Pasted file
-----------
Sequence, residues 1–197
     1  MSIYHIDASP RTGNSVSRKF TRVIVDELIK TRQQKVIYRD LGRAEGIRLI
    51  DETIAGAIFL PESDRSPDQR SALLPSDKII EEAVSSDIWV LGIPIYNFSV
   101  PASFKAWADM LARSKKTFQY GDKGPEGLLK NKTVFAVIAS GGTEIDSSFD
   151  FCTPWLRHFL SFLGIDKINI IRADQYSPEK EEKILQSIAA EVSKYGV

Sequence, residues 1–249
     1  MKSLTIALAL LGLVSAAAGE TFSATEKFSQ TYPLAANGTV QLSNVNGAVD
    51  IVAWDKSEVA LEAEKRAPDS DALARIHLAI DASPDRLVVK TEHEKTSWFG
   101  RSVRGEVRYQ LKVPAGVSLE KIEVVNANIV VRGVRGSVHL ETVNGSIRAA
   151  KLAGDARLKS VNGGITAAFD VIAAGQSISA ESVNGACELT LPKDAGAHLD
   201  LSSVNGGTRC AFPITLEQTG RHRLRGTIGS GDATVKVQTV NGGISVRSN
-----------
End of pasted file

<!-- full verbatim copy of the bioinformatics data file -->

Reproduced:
Sequence, residues 1–197
     1  MSIYHIDASP RTGNSVSRKF TRVIVDELIK TRQQKVIYRD LGRAEGIRLI
    51  DETIAGAIFL PESDRSPDQR SALLPSDKII EEAVSSDIWV LGIPIYNFSV
   101  PASFKAWADM LARSKKTFQY GDKGPEGLLK NKTVFAVIAS GGTEIDSSFD
   151  FCTPWLRHFL SFLGIDKINI IRADQYSPEK EEKILQSIAA EVSKYGV

Sequence, residues 1–249
     1  MKSLTIALAL LGLVSAAAGE TFSATEKFSQ TYPLAANGTV QLSNVNGAVD
    51  IVAWDKSEVA LEAEKRAPDS DALARIHLAI DASPDRLVVK TEHEKTSWFG
   101  RSVRGEVRYQ LKVPAGVSLE KIEVVNANIV VRGVRGSVHL ETVNGSIRAA
   151  KLAGDARLKS VNGGITAAFD VIAAGQSISA ESVNGACELT LPKDAGAHLD
   201  LSSVNGGTRC AFPITLEQTG RHRLRGTIGS GDATVKVQTV NGGISVRSN